“I see two central starting points. First are the capacities. On one hand, the urban network of bike paths has to be continually improved. Routes designed for higher average speeds (bike highways) would be desirable. 

The capacities of the power supply are already high enough, because the energy is being used more efficiently all the time. Furthermore, the installation space is getting smaller and smaller, which encourages integration of the battery in the frame design. 

The second issue has to do with the legal frameworks. They have to be more strongly oriented to the user’s reality. That means, for example, that a powerful motor is also helpful in off-road use. It’s up to interest groups and policymakers to create optimal and standardized frameworks that are oriented to the user.


Reutlingen-based Bosch E-Bike Systems was formed in 2009 as a start-up within the Bosch Group. Since then, it has grown into the global market leader in the premium segment. More than 70 leading bicycle brands use Bosch components. Tamara Winograd is Head of Marketing and Communication at Bosch E-Bike Systems.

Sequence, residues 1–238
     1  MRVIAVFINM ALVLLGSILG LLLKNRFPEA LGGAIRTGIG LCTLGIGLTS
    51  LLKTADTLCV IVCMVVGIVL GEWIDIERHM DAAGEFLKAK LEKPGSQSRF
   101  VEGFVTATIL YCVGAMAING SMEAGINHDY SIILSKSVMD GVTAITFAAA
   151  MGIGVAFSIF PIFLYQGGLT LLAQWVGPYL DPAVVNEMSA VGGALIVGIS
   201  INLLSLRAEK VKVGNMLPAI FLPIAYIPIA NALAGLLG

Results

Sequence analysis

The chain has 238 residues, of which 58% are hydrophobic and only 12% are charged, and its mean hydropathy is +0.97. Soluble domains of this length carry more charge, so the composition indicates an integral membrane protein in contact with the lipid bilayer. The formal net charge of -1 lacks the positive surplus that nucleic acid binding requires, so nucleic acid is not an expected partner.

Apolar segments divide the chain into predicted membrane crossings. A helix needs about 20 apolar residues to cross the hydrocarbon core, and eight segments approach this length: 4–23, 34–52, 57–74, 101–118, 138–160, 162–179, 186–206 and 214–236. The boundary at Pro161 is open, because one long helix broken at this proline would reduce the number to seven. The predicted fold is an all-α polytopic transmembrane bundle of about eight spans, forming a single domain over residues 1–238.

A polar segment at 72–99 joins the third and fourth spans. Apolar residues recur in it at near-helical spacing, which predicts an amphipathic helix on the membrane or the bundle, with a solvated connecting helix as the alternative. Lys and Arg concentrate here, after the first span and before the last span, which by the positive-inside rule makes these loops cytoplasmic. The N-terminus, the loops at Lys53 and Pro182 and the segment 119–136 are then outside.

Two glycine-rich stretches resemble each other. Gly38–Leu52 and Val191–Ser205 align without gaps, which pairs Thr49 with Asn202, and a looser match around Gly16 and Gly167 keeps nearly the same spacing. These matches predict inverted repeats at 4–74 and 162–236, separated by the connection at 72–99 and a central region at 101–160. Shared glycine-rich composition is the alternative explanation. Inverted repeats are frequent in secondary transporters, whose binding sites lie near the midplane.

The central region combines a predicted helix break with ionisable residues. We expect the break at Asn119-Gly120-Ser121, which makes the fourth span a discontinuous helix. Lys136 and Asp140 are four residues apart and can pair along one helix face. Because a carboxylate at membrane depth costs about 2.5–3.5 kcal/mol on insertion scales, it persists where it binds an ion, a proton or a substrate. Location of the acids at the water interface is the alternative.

“For e-bike users, the most important thing is a perfect synergy between practical use, performance, design and safety. But in addition to fully-developed technology, safe mobility also requires suitable infrastructure and responsible behavior on the part of individuals.

With electric support, e-bikers ride much more often, longer and, according to ZIV (Two-Wheeler Industry Association), on average around two km/h faster than with a conventional bicycle. Suitable frameworks must be created for this.

For the pedelec, this means: wide and continuous bicycle paths, sufficient charging stations and theft-proof storage facilities.